Execute the operation *op(conn)* retrying serialization failure.

    If the database returns an error asking to retry the transaction, retry it
    *max_retries* times before giving up (and propagate it).
    """
    # leaving this block the transaction will commit or rollback
    # (if leaving with an exception)
    with conn:
        for retry in range(1, max_retries + 1):
            try:
                op(conn)

                # If we reach this point, we were able to commit, so we break
                # from the retry loop.
                return

            except SerializationFailure as e:
                # This is a retry error, so we roll back the current
                # transaction and sleep for a bit before retrying. The
                # sleep time increases for each failed transaction.
                logging.debug("got error: %s", e)
                conn.rollback()
                logging.debug("EXECUTE SERIALIZATION_FAILURE BRANCH")
                sleep_ms = (2 ** retry) * 0.1 * (random.random() + 0.5)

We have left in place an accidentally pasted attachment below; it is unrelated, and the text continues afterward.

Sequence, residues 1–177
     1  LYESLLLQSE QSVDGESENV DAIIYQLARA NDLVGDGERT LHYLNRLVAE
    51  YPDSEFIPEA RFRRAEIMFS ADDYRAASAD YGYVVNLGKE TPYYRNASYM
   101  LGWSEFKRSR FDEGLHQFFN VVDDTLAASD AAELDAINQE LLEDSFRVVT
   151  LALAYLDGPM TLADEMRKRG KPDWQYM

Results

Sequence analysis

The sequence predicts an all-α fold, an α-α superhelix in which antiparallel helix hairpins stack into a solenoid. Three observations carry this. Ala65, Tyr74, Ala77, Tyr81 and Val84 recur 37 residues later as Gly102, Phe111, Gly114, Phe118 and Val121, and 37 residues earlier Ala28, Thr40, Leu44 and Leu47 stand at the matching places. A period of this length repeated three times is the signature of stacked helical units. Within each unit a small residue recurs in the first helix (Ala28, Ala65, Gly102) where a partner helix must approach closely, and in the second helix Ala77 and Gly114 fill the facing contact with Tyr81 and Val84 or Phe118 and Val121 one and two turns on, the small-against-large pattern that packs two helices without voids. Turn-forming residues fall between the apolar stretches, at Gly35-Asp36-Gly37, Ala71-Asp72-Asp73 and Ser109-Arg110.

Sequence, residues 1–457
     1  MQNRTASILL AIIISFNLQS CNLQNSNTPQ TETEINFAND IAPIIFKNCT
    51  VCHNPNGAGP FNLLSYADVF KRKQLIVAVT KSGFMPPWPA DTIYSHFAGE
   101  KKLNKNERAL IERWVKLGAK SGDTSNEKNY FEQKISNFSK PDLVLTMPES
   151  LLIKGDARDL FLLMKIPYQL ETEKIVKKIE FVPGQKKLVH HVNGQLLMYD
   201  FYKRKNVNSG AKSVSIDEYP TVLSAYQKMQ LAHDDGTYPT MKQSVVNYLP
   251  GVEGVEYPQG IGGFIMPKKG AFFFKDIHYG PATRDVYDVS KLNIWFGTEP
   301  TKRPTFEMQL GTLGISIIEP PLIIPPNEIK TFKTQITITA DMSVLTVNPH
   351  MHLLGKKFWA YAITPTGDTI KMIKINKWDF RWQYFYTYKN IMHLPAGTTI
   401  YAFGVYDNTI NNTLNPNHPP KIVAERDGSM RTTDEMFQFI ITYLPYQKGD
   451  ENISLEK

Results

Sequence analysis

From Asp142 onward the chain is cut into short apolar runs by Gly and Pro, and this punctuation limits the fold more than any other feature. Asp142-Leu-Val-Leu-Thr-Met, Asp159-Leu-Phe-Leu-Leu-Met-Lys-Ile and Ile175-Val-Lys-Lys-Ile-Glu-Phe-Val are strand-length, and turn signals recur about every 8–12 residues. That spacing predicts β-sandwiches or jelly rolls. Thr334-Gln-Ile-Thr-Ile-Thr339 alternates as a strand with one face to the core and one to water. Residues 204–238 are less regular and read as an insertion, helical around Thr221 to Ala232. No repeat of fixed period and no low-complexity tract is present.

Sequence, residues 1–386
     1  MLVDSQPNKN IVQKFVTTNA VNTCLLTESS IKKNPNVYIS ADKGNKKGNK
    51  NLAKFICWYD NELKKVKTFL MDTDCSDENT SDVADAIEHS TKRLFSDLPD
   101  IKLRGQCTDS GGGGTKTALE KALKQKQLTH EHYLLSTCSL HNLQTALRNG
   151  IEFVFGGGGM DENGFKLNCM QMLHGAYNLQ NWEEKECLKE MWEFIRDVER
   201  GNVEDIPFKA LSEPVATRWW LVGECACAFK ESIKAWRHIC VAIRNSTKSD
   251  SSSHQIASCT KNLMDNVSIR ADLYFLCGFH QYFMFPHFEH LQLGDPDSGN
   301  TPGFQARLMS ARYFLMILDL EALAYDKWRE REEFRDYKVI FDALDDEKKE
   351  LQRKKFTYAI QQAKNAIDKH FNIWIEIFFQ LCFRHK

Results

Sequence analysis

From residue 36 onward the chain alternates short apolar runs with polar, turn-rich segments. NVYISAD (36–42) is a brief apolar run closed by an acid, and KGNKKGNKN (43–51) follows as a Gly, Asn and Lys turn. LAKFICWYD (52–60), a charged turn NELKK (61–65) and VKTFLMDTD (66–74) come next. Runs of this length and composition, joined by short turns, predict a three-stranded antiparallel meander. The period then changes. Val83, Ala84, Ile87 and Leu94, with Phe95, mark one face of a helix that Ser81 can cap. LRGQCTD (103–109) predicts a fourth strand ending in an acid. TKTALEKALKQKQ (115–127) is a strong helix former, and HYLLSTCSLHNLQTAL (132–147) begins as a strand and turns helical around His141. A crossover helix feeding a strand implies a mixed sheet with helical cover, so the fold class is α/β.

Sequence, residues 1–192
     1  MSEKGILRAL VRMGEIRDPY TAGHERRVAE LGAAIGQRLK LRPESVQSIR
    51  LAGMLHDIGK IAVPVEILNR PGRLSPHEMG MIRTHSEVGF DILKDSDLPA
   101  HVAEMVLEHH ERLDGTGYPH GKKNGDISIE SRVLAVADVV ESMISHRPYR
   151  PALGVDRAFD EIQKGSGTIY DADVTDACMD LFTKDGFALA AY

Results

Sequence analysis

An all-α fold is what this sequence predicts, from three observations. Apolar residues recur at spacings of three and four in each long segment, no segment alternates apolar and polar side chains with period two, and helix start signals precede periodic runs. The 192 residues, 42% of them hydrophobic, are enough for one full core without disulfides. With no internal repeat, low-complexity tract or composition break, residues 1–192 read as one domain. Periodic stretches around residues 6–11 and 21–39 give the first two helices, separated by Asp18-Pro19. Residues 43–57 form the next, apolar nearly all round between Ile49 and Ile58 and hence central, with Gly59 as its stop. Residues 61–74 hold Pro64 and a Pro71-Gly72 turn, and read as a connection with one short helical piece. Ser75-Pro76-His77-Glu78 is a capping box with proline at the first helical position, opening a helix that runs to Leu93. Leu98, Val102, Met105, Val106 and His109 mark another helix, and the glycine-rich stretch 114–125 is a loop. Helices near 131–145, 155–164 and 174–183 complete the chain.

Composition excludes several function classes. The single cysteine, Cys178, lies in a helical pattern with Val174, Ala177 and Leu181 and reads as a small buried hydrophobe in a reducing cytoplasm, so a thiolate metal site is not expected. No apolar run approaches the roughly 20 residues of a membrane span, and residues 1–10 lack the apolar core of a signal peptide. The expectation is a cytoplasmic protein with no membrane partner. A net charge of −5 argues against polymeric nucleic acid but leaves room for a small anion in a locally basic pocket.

logging.debug("Sleeping %s seconds", sleep_ms)
                time.sleep(sleep_ms)

            except psycopg2.Error as e:
                logging.debug("got error: %s", e)
                logging.debug("EXECUTE NON-SERIALIZATION_FAILURE BRANCH")
                raise e

        raise ValueError(f"Transaction did not succeed after {max_retries} retries")


def test_retry_loop(conn):
    """
    Cause a seralization error in the connection.

    This function can be used to test retry logic.
    """
    with conn.cursor() as cur:
        # The first statement in a transaction can be retried transparently on
        # the server, so we need to add a dummy statement so that our
        # force_retry() statement isn't the first one.
        cur.execute("SELECT now()")
        cur.execute("SELECT crdb_internal.force_retry('1s'::INTERVAL)")
    logging.debug("test_retry_loop(): status message: %s", cur.statusmessage)


def main():
    opt = parse_cmdline()
    logging.basicConfig(level=logging.DEBUG if opt.verbose else logging.INFO)

    conn = psycopg2.connect(opt.dsn)
    create_accounts(conn)
    print_balances(conn)

    amount = 100
    fromId = 1
    toId = 2

    try:
        run_transaction(conn, lambda conn: transfer_funds(conn, fromId, toId, amount))

        # The function below is used to test the transaction retry logic.  It
        # can be deleted from production code.
        # run_transaction(conn, test_retry_loop)
    except ValueError as ve:
        # Below, we print the error and continue on so this example is easy to
        # run (and run, and run...).  In real code you should handle this error
        # and any others thrown by the database interaction.
        logging.debug("run_transaction(conn, op) failed: %s", ve)
        pass

    print_balances(conn)

    delete_accounts(conn)

    # Close communication with the database.